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“Background: Utilizing cannabis as a therapeutic option for chronic pain (CP) has increased significantly. However, data regarding the potential immunomodulatory effects of cannabis in CP patients remain scarce. We aimed at exploring the relationship between cannabis use and inflammatory cytokines and chemokines among a cohort of CP patients. 

Methods: Adult patients with a CP diagnosis and medical authorization of cannabis were enrolled. Patients completed validated clinical questionnaires and self-reported the effectiveness of cannabis for symptom management. Patients’ blood and cannabis samples were analyzed for the presence of four major cannabinoids, two major cannabinoid metabolites, 29 different cytokines/chemokines, and cortisol. The multivariable linear regression model was used to identify cannabis and patient factors associated with immune markers.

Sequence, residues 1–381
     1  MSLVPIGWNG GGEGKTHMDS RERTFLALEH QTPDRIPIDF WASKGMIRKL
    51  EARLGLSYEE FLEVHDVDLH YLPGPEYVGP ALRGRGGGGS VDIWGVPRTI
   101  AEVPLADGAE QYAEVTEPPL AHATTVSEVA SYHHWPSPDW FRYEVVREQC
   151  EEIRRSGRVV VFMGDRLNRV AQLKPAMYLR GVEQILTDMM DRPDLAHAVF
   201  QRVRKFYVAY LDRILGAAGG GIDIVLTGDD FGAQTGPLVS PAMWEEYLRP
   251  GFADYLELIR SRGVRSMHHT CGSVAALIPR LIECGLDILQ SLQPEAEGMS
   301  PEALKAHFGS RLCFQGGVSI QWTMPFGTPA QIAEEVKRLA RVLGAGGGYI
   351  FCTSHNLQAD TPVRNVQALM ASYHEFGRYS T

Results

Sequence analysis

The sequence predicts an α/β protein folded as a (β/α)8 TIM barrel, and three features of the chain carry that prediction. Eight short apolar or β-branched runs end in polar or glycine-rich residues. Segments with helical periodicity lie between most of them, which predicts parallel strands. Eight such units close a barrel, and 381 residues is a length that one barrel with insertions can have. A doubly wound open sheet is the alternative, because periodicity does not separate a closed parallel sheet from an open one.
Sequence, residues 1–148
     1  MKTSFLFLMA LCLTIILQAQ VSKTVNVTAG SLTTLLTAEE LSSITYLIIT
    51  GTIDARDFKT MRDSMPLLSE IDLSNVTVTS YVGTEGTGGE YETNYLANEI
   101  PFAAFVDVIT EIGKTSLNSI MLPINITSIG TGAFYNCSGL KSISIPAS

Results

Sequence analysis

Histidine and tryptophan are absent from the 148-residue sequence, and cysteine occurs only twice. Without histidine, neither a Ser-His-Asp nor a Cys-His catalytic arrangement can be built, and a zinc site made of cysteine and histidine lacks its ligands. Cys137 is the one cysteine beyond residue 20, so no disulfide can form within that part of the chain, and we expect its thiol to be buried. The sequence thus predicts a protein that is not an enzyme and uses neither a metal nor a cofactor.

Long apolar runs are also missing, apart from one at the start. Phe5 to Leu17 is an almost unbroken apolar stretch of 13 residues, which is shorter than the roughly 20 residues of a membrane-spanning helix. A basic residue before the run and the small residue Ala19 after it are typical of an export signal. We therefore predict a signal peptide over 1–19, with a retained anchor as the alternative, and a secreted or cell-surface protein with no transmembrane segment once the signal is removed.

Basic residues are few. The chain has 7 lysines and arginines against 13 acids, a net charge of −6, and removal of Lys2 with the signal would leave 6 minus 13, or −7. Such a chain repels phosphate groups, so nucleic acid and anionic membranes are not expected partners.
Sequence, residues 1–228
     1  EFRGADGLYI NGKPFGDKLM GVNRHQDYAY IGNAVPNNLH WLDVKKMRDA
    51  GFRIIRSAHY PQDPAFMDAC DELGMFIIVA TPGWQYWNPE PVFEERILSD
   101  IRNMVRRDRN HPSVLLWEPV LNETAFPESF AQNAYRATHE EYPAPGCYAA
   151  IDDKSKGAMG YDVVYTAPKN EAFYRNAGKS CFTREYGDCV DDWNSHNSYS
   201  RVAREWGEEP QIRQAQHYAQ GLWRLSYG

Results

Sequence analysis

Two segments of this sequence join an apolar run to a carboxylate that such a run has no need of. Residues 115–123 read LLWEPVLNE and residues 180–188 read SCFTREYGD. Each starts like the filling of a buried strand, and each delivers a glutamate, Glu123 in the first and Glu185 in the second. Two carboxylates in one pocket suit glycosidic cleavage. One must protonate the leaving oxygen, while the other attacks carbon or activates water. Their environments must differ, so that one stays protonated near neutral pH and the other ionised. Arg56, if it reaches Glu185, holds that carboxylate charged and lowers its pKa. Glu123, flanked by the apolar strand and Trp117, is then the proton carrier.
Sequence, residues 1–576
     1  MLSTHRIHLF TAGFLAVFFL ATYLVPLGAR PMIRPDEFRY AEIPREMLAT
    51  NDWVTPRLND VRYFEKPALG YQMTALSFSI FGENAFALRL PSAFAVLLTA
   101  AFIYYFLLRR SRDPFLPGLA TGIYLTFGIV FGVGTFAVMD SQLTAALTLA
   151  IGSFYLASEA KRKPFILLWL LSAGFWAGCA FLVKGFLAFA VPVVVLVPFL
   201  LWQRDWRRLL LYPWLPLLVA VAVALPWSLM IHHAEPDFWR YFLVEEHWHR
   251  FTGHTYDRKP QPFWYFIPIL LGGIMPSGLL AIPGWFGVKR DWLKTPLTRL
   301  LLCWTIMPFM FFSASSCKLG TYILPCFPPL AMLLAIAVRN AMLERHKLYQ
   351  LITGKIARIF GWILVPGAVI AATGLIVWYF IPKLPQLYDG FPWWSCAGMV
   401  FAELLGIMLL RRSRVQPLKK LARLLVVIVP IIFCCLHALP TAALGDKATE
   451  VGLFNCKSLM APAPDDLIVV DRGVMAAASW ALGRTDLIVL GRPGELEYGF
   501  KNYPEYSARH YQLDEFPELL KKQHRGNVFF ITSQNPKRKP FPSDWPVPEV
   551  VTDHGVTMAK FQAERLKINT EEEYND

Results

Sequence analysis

Results: Fifty-six patients (48±15 years; 64% females) were included, with dried cannabis (53%) being the most common type of cannabis consumed. Seventy percent of products were considered delta-9-tetrahydrocannabinol (Δ9-THC)-dominant. The majority of patients (96%) self-reported effective pain management, and 76% reported a significant decrease in analgesic medication usage (p≤0.001). Compared with males, female patients had higher plasma levels of cannabidiol (CBD), cannabidiolic acid, Δ9-THC, and 11-hydroxy-Δ9-tetrahydrocannabinol but lower concentrations of delta-9-tetrahydrocannabinolic acid and 11-nor-9-carboxy-Δ9-tetrahydrocannabinol (THC-COOH). Females had significantly lower eotaxin levels (p=0.04) in comparison to male patients. The regression analysis indicated that high cannabis doses were related to increased levels of interleukin (IL)-12p40 (p=0.02) and IL-6 (p=0.01), whereas female sex was associated with decreased eotaxin (p≤0.01) concentrations. Blood CBD levels were associated with lower vascular endothelial growth factor (p=0.04) concentrations, and THC-COOH was a factor related to decreased tumor necrosis factor alpha (p=0.02) and IL-12p70 (p=0.03).